The Security Program Maturity Assessment from SecureWorks is a great option. It helps companies gain comprehensive insights on how they can improve day to day operations and long-term business outcome attainment. SecureWorks is consistently ranked as an industry-leader in the Gartner Magic Quadrant for Managed Security Services Worldwide. The company’s award-winning Counter Threat Platform combines the speed and scalability of machine learning with the insight of human intelligence, helping to quickly detect hackers, as well as predict and prevent future threats. The machine learning component also helps continuously powers the platform’s auto-resolve capabilities and rapid predictive capability delivery.

Build A Culture That’s All In – At All Times

Cyber Security FTEI

Cyber security is not just an IT issue. It is a Legal issue, an HR issue, a Risk Management issue and, certainly a Management issue. Successful companies engage all departments. They integrate the Security Department into all cyber security decisions.

No longer can security departments be viewed as only providing physical and personnel protection. They should also be called upon to be part of the cyber security and response plan to include reputational risk, safe and secure workplaces, asset and employee protection, and supply chain. Every company is vulnerable with the cost and loss of data growing each year. Companies need to invest, plan, and embrace cyber awareness as a necessity for everyone.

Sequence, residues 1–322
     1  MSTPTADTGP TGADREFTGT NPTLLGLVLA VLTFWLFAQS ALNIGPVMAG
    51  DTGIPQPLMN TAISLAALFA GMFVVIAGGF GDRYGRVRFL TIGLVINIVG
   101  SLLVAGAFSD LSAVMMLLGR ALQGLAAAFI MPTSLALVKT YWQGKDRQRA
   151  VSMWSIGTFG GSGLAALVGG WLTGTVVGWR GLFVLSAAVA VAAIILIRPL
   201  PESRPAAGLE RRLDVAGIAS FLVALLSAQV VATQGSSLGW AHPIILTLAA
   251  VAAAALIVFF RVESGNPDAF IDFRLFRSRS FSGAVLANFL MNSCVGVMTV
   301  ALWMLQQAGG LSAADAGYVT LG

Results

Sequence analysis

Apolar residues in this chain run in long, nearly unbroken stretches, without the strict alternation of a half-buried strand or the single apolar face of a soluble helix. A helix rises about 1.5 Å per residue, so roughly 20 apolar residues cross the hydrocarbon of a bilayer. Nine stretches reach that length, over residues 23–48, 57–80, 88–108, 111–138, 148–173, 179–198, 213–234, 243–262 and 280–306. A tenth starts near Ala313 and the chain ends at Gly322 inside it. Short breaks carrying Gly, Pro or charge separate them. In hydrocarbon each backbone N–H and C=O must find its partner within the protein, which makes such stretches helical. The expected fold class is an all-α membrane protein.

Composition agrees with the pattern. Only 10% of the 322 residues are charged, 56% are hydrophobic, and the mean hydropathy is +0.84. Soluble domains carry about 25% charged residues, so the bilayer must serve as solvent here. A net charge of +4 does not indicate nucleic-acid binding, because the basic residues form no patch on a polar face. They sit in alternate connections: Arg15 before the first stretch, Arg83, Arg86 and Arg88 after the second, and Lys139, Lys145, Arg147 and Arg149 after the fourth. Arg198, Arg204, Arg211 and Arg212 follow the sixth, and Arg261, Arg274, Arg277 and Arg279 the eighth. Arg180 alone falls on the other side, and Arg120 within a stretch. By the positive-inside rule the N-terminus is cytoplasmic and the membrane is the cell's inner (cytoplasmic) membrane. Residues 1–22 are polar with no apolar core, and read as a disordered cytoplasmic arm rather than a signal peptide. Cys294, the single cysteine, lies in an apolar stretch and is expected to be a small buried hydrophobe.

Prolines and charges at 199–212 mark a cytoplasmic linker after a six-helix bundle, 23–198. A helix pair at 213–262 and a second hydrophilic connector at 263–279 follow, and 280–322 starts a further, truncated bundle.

Contact Future Tech to help your organization close its cyber security gaps, call 631-472-5500 or email info@ftei.com.

ABOUT THE AUTHORS

Bob Venero, CEO of Future Tech Enterprise Inc

Bob Venero is the CEO and founder of Future Tech Enterprise, Inc., an award-winning, global IT solutions provider with capabilities in 170 countries. One of the largest companies headquartered on Long Island, Future Tech is a partner-of-choice for leading organizations in the aerospace, defense, education, energy, healthcare, and manufacturing sectors. A member of the prestigious Forbes Technology Council, Bob is frequently quoted in leading business and IT trade media about key industry trends, technology developments, corporate culture and succeeding as an entrepreneur. Bob has appeared in a wide range of media, including Forbes, Buzzfeed, Fierce CEO, Channel Reseller News (CRN), CIO, Information Week, Entrepreneur, Inc., and more. Along with leading Future Tech, Bob is a board member of numerous organizations – Suffolk County’s Economic Development Team and Workforce Investment Board, Stony Brook University, Good Samaritan Hospital, Insource America, and Everything Channel Inc.

Bray Barnes

Bray Barnes is the Director for the Global Center for Public Safety’s Institute for Cybersecurity. He previously was the Director, National Cybersecurity Institute, (NCI) Washington, DC, and is the Founder and Principal of Security Evaluation and Solutions Group, LLC that provided three unique Homeland Security cornerstones of service including Cyber Intelligence Analyst training. He has served as a member of the US Dept. of Homeland Security Cyber focus group, as Director, (Senior Executive Service) U.S. Department of Homeland Security (DHS), Washington, DC, directing the First-Responder Program, and as the Acting Chief Human Capital Officer with oversight to include all training and education for the Department’s 210,000 employees. He is a licensed attorney in New Jersey and Washington, DC, with thirty (30) years of experience in the legal profession representing various police agencies, corporations and financial institutions.